Expect a lot of think pieces in the next couple months about how “Her” is a dark portrait of technology encroaching on our lives. It’s not. Jonze’s perspective is somewhere between non-judgmental and approving. If anything, it normalizes what should be (and probably is) a very abnormal, maybe unhealthy union. It’s a weirdly and refreshingly open-minded film, one that entertains the possibility of deep, profound love between a sentient and artificially sentient being. Theodore’s not a freak. He’s even a bit of a hipster, with his Williamsburg mustache and tucked-in, non-ironed shirts. (Some of them have no collars, which could be an homage to the ersatz-Pynchonian futuristic miniseries “Wild Palms.”) He’s good on dates (to a point), even when that date is Oliva Wilde. And though a depresso who likes sad music (the soundtrack is, regrettably, by Arcade Fire), he’s dynamic and fun with the few people he knows, including a couple (Amy Adams and Matt Lescher) who’ve taken him in as a platonic third wheel-type.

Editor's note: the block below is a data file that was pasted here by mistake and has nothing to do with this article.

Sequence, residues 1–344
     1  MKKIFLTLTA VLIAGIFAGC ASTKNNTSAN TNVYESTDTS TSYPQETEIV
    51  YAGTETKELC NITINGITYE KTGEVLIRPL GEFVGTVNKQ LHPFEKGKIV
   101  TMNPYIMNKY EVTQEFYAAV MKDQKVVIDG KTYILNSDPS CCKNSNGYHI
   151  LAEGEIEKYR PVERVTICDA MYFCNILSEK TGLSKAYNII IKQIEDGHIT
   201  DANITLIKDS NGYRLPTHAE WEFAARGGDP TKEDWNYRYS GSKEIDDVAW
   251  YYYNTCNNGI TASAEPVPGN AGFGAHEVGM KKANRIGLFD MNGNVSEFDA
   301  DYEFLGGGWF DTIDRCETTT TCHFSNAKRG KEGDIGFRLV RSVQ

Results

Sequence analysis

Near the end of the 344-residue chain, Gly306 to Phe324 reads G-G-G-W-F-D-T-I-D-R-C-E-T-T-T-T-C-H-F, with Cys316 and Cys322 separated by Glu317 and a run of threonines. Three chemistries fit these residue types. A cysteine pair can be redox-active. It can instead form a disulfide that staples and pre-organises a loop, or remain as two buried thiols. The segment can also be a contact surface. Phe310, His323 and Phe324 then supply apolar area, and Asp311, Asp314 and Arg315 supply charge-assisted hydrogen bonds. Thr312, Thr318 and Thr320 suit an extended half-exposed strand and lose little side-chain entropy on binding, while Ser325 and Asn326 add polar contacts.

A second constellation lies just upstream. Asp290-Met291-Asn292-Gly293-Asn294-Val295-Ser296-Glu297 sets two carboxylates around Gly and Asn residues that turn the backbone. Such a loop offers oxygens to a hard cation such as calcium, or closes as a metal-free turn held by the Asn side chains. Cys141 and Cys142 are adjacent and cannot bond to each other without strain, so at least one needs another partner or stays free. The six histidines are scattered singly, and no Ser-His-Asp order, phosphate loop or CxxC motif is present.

This is Jonze’s first solo script, and if the premise is reminiscent of his “Being John Malkovich” and “Adaptation.” cohort Charlie Kaufman, it’s thoroughly Jonze, who’s a lot more optimistic (or at least less pessimistic) than Kaufman. He avoids a lot of obvious, lesser directions the story could have gone in. It’s revealed that the number of people who have started dating their OSes is pretty low, meaning a) Theodore and Samantha’s relationship is actually special, and not a mere inevitability, and b) there’s no dumb twist that reveals she only likes him because she was made that way. There’s little persecution against the idea of man-on-computer love. (The way it’s treated is as though it was a cute trend one read about in The New York Times Magazine on a Saturday morning.)
And it treats its central relationship like hard (or relatively hard, maybe medium-level) sci-fi. It wonders what would happen between a human and an artificial intelligence, one capable of limitless growth. Would a computer really want to stay moving at the slow pace of human interaction? If it can read books in tiny increments of a second and compose music, wouldn’t it try more ambitious things, or at least find ways to network with other systems? And wouldn’t a slow, neurotic human eventually feel inadequate, even jealous of dating someone with such powers?